Every one agrees that there is a risk of abuse when the govermment acts secretly. Everyone is worried about that. The problem is that this risk isn't the only risk out there, and the risk has to be weighed in a very practical way with other competing objectives.

  UPDATE: An e-mail from Prof. Herzog suggests that I may have misunderstood his post, and for that I apologize. Here is Herzog's response:
I quite agree on everything you say. My post was motivated by an
endless series of comments saying that the right was properly skeptical of
the state and the left had boundless faith in its competence and
honesty. I'm a "trust and verify" kind of guy, and all I wanted to say
was, when we can't verify, because we can't have publicity, let's not kid
ourselves about the price we're paying.
Agreed.

Friday, January 7, 2005

LEXUS/HYBRID LANES:

An interesting comment I received on my hybrid cars post struck me as something to think about. Economists generally advocate the use of tolls and toll lanes to reduce traffic congestion, as opposed to HOV requirements. Often these toll lanes are criticized under the sobriquet of so-called "Lexus Lanes" and it is said to be "unfair" to allow drivers to buy their way out of traffic. But if that is so, why do we allow people to "buy" their way out of traffic and HOV requirements just by purchasing a hybrid car. Moreover, my understanding is that hybrids are more expensive than other cars, made moreso by the high public demand for them (which is one reason for the tax break for them).

Obviously there is thought to be some public benefit from greater hybrid use that might be thought to offset the perception that it is unfair to "buy" one's way into the HOV lane. But the more general observation is that nobody thinks of it as "unfair" to buy your way into the HOV lane by buying a hybrid, yet they do for "Lexus Lanes." In fact, I hadn't thought of it that way until the reader asked me the question.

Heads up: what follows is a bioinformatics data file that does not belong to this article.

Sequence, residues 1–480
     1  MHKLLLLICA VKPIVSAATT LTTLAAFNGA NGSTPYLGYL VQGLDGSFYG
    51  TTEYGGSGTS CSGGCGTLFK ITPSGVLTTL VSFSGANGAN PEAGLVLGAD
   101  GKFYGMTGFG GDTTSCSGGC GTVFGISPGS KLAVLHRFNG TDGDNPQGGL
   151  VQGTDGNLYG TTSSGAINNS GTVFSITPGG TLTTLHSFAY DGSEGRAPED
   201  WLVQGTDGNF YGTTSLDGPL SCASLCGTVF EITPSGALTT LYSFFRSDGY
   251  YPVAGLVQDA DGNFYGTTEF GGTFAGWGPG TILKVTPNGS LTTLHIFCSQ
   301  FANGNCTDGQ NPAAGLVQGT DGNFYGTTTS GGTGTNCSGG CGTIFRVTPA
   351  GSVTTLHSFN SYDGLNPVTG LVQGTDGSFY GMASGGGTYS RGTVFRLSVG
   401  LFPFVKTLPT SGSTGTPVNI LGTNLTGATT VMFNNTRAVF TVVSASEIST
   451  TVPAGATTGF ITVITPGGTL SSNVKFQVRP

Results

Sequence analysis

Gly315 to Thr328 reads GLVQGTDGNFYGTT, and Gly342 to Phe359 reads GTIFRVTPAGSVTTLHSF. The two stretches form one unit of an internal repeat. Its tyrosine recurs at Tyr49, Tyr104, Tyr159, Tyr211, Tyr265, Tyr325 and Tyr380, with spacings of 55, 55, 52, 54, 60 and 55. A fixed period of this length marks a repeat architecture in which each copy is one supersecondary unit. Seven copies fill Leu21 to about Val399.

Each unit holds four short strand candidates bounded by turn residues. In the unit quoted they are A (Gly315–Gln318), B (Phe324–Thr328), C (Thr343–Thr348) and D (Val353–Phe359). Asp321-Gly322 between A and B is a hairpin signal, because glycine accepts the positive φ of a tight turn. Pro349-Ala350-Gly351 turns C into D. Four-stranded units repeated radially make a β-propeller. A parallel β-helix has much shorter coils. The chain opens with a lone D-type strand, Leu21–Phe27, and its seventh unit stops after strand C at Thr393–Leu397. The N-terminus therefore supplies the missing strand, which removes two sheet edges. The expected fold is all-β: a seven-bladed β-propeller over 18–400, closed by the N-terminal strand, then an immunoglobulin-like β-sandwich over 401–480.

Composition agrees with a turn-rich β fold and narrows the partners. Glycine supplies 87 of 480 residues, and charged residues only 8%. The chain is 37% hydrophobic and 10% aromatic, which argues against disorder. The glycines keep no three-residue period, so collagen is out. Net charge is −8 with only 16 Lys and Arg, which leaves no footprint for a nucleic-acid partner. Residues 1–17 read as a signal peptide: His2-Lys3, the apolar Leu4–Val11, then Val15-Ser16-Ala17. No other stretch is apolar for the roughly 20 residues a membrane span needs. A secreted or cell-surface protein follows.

I suspect that the answer is (extrapolating from the second volume of Hayek's Law, Legislation, and Liberty) "fairness" is a pretty slippery concept once you get beyond small, intimate relations and start trying to apply it to larger legal and policy questions.


I Like My Company Car, Boss,

I THINK I'LL TAKE IT HOME AND SELL IT. Reader Christopher Rohrbacher points to this AP story:

[Red Sox] first baseman Doug Mientkiewicz, [who made the last out in the Red Sox World Series championship,] still hasn't let go of the [game-ending] ball. . . .

Carmine Tiso, spokesman for MLB, told the Globe that Mientkiewicz owns the baseball, though Joe Januszewski, Red Sox director of corporate partnerships, said he thinks the team owns it. . . .

Of course the team owns it. Possession is sometimes 9/10 of the law, but not when an employee possesses something that the employer gave him to use as the tools of the trade. Just because an employer lets you drive a company car doesn't mean its yours. Likewise with a baseball; the employer may have surrendered possession of it, but not ownership.

Of course, if the contract provided that employees get to keep some property, that would be enforceable. Likewise, there might be implicit terms of the contract that flow from industry custom. (If I recall correctly, there's been some debate about whether fans are entitled to keep balls that they catch; the theory there would be this sort of custom.) But I highly doubt that there's anything like that here — I think the Major League Baseball spokesman was mistaken or misquoted.

Naturally, if property law scholars or baseball convention experts think I'm mistaken on this, I welcome their corrections. But I'm pretty sure that the team is in the right here, and Mientkiewicz in the wrong.

UPDATE: Reader Peter Sessions writes:

Doesn't the ball belong to the St. Louis Cardinals, not the Red Sox? After all, because the final game of the World Series was played in St. Louis, I assume the Cardinals were the ones who provided the balls according to MLB Official Rule 3.01(c).